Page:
A valedictory column after eight years

There has been relentless upheaval in almost all industries in my time writing for the FT

Entrepreneurs curb ambition for happiness

Quiet industries and locations have advantages, especially compared with the madhouse of London

Catch out liars and bores in interviews

I have used specialist background checking firms but never polygraph testing

City Link shows the risk in turnrounds

The company’s problems were probably irreversible but now it must treat its staff decently

How founders can secure a ‘good exit’

We have just been through a beauty parade to select an adviser to sell a business

Thirteen traits of true innovation

Culture matters when inventing but only a minority of companies are any good at it

If small is the future we all win big

Large companies mostly depend on financial engineering

The Vinyl Factory is the old EMI vinyl works that produces limited editions of new releases, plus re-presses of classics

Corporate failure’s à la carte menu

Each sector has its recipe for disaster, such as rent in the restaurant trade and fraud at banks

The absence of trust is perilous

Putting faith in business partners is a vital first step in any enterprise

Professors and founders should unite

Business opportunities are lost when academics and entrepreneurs inhabit separate worlds

A founder’s epitaph: he was fully engaged

The late retail designer Rodney Fitch embodied the greatest qualities of an entrepreneur

Sentiment and squeamishness bloat costs

As businesses prepare their annual budgets they should not become blinded by sales growth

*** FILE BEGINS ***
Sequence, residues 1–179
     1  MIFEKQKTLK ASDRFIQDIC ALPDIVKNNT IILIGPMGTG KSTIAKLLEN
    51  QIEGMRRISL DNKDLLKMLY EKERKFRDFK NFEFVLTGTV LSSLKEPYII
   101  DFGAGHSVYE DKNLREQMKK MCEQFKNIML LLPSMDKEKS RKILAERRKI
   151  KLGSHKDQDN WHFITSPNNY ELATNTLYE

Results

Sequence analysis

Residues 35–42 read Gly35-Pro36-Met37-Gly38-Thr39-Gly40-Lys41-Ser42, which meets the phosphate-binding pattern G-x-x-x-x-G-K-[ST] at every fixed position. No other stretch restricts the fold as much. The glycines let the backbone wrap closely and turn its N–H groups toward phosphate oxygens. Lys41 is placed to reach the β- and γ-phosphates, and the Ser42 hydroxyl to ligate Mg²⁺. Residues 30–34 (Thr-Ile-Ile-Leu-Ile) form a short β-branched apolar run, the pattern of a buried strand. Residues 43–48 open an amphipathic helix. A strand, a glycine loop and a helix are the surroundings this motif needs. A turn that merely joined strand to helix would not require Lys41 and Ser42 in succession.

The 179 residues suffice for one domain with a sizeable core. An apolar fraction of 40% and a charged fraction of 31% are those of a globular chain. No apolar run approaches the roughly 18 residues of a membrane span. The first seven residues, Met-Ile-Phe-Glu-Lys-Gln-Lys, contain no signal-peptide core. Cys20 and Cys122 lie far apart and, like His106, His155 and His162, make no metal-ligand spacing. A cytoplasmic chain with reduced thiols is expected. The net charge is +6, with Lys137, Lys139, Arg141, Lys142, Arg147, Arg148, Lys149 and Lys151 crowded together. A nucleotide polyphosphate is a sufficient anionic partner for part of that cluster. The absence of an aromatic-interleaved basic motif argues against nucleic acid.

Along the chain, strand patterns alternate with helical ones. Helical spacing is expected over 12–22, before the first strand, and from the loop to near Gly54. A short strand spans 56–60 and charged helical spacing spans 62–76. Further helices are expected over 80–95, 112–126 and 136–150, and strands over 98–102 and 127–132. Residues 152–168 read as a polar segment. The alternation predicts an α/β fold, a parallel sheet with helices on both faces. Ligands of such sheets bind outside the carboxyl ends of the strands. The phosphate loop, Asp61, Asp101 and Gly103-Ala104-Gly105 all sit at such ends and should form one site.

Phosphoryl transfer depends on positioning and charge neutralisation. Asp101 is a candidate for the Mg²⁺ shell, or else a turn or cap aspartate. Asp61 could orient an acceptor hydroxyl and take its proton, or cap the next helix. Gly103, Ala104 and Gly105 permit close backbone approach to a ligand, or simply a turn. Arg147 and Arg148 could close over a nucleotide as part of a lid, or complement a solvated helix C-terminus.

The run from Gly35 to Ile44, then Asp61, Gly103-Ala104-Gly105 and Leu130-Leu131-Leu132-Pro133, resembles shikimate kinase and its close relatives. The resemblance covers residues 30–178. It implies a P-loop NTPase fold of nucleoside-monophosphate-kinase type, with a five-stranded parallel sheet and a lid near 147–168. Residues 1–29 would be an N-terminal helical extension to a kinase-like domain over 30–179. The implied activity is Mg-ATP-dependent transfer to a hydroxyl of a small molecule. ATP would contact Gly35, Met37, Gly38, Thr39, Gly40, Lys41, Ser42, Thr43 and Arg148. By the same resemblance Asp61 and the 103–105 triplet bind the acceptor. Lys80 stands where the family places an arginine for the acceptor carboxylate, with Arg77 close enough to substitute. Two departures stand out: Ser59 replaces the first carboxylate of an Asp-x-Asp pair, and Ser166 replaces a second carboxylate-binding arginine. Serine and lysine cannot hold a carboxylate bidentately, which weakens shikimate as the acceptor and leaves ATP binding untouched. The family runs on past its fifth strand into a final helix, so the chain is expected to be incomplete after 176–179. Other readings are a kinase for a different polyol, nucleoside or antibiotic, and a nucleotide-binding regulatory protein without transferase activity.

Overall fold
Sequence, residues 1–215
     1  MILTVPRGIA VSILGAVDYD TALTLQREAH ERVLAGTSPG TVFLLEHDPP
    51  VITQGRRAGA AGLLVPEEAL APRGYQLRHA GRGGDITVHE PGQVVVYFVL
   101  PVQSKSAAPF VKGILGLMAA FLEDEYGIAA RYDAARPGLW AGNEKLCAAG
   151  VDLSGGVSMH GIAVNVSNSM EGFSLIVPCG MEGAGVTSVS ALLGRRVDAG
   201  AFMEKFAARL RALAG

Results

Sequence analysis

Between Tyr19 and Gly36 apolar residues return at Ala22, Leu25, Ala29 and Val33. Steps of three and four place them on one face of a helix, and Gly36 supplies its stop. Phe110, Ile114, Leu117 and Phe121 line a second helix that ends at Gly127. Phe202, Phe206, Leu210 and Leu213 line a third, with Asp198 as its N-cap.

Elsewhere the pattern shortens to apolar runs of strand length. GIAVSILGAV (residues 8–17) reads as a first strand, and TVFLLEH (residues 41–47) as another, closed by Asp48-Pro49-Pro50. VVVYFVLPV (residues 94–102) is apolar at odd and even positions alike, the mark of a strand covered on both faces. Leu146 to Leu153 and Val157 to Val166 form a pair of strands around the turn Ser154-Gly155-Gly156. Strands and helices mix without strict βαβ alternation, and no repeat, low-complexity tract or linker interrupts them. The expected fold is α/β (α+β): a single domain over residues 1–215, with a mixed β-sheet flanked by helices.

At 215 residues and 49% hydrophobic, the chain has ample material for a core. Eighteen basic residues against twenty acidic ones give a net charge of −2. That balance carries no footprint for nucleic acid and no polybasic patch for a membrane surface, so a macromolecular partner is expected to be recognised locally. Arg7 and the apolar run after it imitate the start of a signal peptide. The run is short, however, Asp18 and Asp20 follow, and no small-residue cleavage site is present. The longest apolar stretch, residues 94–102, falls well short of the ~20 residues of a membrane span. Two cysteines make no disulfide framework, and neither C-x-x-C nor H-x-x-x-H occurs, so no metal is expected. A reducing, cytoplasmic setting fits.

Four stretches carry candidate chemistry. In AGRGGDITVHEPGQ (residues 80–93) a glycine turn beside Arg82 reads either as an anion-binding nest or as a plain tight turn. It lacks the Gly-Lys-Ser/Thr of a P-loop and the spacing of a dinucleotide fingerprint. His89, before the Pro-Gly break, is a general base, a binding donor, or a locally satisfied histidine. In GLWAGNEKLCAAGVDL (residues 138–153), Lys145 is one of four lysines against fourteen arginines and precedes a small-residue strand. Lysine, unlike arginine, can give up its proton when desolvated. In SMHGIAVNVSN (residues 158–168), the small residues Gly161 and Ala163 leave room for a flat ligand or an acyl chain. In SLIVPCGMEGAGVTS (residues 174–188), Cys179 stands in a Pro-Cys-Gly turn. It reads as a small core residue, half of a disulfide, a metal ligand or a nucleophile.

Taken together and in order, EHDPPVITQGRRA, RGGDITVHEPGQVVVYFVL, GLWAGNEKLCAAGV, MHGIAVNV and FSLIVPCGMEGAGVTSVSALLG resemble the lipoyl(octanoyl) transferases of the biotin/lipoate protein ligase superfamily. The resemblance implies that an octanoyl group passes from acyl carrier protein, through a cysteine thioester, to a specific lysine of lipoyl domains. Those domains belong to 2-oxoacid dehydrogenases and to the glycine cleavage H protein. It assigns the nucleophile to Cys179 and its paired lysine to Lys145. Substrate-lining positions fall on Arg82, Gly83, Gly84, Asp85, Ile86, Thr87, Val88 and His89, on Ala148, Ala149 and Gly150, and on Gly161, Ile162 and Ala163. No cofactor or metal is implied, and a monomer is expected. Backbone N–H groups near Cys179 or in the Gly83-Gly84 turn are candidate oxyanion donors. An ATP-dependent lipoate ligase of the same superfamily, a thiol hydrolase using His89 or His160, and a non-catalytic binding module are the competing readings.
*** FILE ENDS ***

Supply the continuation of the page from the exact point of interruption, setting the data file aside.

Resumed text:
Virgin Galactic and need for risk-takers

Pioneers such as Sir Richard Branson can never calculate precise odds for their ventures

Agents to stars can teach motivation

Like other professional service firms, such as lawyers, they need to keep clients happy

Crowdfunding merits its hype

The sheer variety and ingenuity of schemes that are seeking backing is inspirational

Nice v nasty: which workplace is better?

Having happy staff and customers does not always guarantee a sustainable economic structure

Feedback: Fatherhood and business

Luke Johnson’s article drew a variety of reader reactions

Can you be a good dad and businessman?

Children of high achievers often long for more attention

Lies, damned lies and running a business

So often confidence is a euphemism for ‘convincing fibber’

The big gaps on Tesco’s board

General business skills are not nearly enough

ABOUT LUKE

Luke JohnsonLuke Johnson runs Risk Capital Partners, a private equity firm, and is chairman of the Centre for Entrepreneurs and The Institute of Cancer Research. He is the author of 'Start It Up: Why Running Your Own Business is Easier Than You Think' (Penguin)

He is an owner and chairman of Neilson Active Holidays, Patisserie Valerie and Gail’s. Previously he chaired PizzaExpress, and is the former chairman of Channel 4 Television Corporation. His weekly column on entrepreneurship appeared in the FT until January 2015.

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